By Sachin Shenolikar
Once upon a time, it was common for non-profit organizations to be run by a couple of people with an extreme passion for a cause. They would be grassroots efforts — family and friends were often recruited to help out. Corporations would be approached for financial support but not much else. While the mission had a lot of heart, there often wasn’t a strong game plan in place that could lead to massive success.
Things are vastly different today. As the nature of business has transformed over the past decade, it has impacted the way non-profits are run. Many — even small ones — are complex, structured, and hyper-organized. The mentality of for-profit corporations has shifted as well. They have realized that social responsibility is not just about throwing money at causes. Being engaged in those causes is an important factor in the success of their business.
Simply put, non-profits and corporations have become intertwined in the ways they operate. Real Business spoke with leaders from both sides to learn more about how they work together.
Starting on the Right Note
A successful partnership begins with non-profit leaders understanding the areas of interest of the corporations they want to partner with — and being sure that their mission lines up.
“Partnership is the key word,” says Sue Dishart, vice president for marketing and development at Guiding Eyes for the Blind.
“We always look to identify companies that share our goals and values. It’s such a value to our non-profit when a company can share their intellectual capital, volunteer time, or make donations. We also want to be sure we can offer opportunities to meet some of their needs too, whether it’s education of our mission or employee engagement.”
Keeping the initiatives of the partnership broad and deep is crucial, adds Jason Shaplen, the CEO of Inspirica, a non-profit that provides services for homeless people in Connecticut. “We look for a relationship where [corporations] are engaged with us across multiple platforms: volunteering, board participation, financial support, serving as our ambassadors, and spreading the word about our work,” he says.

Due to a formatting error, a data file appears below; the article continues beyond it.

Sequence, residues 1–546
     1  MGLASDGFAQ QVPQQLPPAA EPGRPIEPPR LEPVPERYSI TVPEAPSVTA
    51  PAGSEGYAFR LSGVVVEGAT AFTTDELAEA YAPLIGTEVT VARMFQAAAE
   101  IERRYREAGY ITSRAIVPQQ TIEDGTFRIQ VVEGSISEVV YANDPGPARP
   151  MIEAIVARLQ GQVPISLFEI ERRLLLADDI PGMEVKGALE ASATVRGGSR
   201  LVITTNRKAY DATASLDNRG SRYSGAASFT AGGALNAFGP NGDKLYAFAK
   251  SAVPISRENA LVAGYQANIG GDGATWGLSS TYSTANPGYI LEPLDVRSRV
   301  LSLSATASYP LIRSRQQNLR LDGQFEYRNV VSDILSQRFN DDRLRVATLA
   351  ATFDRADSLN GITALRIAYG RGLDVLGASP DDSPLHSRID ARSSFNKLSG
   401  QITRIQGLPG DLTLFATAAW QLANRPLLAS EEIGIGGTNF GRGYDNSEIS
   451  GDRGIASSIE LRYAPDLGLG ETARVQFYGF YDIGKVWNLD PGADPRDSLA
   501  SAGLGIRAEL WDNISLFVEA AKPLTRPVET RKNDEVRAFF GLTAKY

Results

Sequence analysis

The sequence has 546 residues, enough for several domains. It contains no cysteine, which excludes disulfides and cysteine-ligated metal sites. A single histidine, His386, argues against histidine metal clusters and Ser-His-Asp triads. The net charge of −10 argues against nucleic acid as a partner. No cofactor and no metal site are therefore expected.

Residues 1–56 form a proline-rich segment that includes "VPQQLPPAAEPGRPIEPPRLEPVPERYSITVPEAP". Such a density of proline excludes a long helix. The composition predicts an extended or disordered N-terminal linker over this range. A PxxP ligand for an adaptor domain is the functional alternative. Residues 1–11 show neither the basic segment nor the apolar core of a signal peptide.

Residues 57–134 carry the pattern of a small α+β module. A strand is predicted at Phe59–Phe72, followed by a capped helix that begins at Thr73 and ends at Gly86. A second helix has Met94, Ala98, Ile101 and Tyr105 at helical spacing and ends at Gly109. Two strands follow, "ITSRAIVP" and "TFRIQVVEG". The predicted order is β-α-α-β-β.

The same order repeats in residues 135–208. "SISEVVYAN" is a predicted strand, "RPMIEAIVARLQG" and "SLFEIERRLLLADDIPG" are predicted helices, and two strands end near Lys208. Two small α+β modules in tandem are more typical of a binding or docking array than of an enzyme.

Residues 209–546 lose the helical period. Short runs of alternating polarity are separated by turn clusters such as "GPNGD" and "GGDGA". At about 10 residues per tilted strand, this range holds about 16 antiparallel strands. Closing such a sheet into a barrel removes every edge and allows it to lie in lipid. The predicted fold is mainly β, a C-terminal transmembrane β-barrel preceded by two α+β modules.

Of course, money is a major part of the relationship for both sides. For the non-profit, consistent sources of funding help it accomplish ambitious initiatives (not to mention stay in business). For corporations, tough economic times have meant dwindling budgets, resulting in them being choosier about where they donate.
So, when should a non-profit organization ask a corporation for funding? “It depends on the relationship,” says Mark Conlin, vice president of Corporate Citizenship at Xerox. “If it’s a not-for-profit that we’ve invested in for a while, have seen good results from the work they do, and are familiar with the leaders of the organization, then the [early] conversation around money is fine.”
Shaplen recommends waiting for a while before asking. “It’s not like we see [a company] and say, ‘Look, there’s a little ATM!’” he says. “That’s a huge mistake. Support can come in many forms.”
“The thing to do is build an authentic relationship that’s no different than you’d do in business with your customer, with your staff, with the people who report to you.”
When it comes to making the funding request, Conlin recommends keeping it short and to the point. “Be specific in what you’re looking for, be specific in the types of results that you believe these funds can generate, and then give an idea of what [amount] you’re looking for,” he says. “Everyone has to put a proposal in at some point in the process.”
Corporations should also be clear about what they’d like to get out of the partnership. “Are you looking for team building? Are you looking for [improving employees’] leadership skills?” says Shaplen. “We can fit in almost any of the non-financial things that they’re trying to get from the volunteer activity.”
An ‘All-For-One’ Mindset
Conlin is seeing first-hand how the modern business climate is changing the groups he works with.
Not-for-profits have become more sophisticated in how they run their organizations,” he says. “They realize that they need to run it like a business with measurable results.”
Shaplen agrees. “These two worlds are merging completely,” he says. “Corporations are learning that social responsibility is not just vital to their reputation —it’s vital to their growth and attracting [customers]. And we have a bottom line that is absolutely measurable. We think of ourselves as a business that happens to be in social services.”
In today’s fast-paced business world, time is precious and manpower is at a premium, so both corporations and non-profits must recognize the importance of planning, maximizing resources, and aligning on shared goals.
“If the connection is a struggle on either side, it will be a distraction,” adds Dishart. “It’s beautiful when it works and everyone can celebrate the collaboration and success.”
(This article was published on Real Business, a website from Xerox that provides ideas and information for decision-makers in business and government.)